MILWAUKEE, Wis. — Virtually every college basketball player knows about "One Shining Moment," the somewhat syrupy ending to the NCAA Tournament with highlights from across the three weeks.
But few players, including BYU freshman center Eric Mika, ever give much thought to the end of their own seasons.
It involves (in BYU’s case Thursday, but common to all but one team at some point) sitting in a dejected locker room for an NCAA-required 30 minutes, answering questions as reporters approach them. It's a rare time locker rooms are open at the college level. Mika was like many teammates, sitting in a chair and noshing on a boxed lunch.
"It's hard to believe the year's over," Mika said while digging into a plastic cup of mixed fruit. "I'm going to miss these guys. This year was fun. I love all of these guys; working with them every single day."
Mika is the typical double-edged sword at BYU. Sure, teammates and coaches would love to have him back next year. He could in theory be the only player exiting the program, as there were no seniors.
But it's all about church service, which he'll begin in Italy in mid-May.
Mika had plenty of opportunity this year because BYU lost its starting center from last year, Brandon Davies, who turned into a top-10 player in school history in a variety of categories.
Mika is on his way.
He averaged 11.8 points and 6.4 rebounds during the course of a 23-12 season, starting 29 of the 33 games he suited up (missing a couple with a hip injury).
BYU head coach Dave Rose said at the beginning of the season that he envisioned Mika putting up numbers comparable to Mekeli Wesley.
The former BYU standout (1997-2001) had 30 games of scoring at least 20 points — tied for 10th best in school history.
That included five his freshman season, in which Wesley averaged 13.5 points and about five rebounds.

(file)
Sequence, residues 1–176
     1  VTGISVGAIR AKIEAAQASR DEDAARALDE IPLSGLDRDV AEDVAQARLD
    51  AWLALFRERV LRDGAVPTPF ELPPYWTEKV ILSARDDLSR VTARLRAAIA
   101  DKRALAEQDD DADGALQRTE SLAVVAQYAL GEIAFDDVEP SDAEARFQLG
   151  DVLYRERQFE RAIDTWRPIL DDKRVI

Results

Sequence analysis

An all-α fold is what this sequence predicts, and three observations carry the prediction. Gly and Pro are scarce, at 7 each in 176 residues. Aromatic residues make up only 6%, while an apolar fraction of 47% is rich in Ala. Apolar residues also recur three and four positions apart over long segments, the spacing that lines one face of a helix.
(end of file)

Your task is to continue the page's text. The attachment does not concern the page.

Mika only reached the 20-point mark twice in a season often defined by foul trouble. He hasn't done it since Jan. 30 at home against Pacific.
But he did score 15 points in the 87-68 loss to Oregon on Thursday, teammates most proud of his aggressiveness to create 16 free-throw attempts. He also made 2-of-5 shots.
"I wish I would've made more," Mika said of sinking 11 charity attempts. "But I'll get there. I'll be ready two years from now."
He got going after a very rocky start that included a quick turnover. With his back to the basket, he tried dribbling a couple of times to create a scoring move. An Oregon player created a double-team that Mika never saw coming.
Teammates are excited about his future, especially getting a taste of the NCAA Tournament before delaying his career.
"He's been great for us all season," Tyler Haws said. "For a freshman to come in and have the impact he's had has been really impressive. It's definitely something to build on. We're going to miss him."
In the tournament game, Mika set a new BYU record for offensive rebounds in a season, passing Rafael Araujo, who had 91 in 2002-03.
∫Extra time: What are the biggest momentum killers in the NCAA Tournament? You'll find some coaches and players have the same answer, when they give it a second though.
"Timeouts," BYU guard Matt Carlino said, "are so long."
They're approaching twice as long as during the regular season, creating situations where depth and energy aren't as big of concerns.
And momentum is harder to keep. Oregon called timeout at 13:19 of the second half after BYU started consistently scoring for the first time, getting to within 54-45.
UO coach Dana Altman called for another pause at 11:55. Then 15 seconds later there was a game-changing foul and another stop in action.
Elgin Cook scored a bucket and would get a foul shot after the under-12 minute timeout. So to get from a nine-point deficit to even getting within six points despite Cook's 3-point play was about a 10-minute span of real time; though not even two minutes off the game clock.
During tournament games this season, the media timeouts after each four minutes of play will last 2 minutes, 30 seconds, according to the NCAA. It's typically about 2 1/2 minutes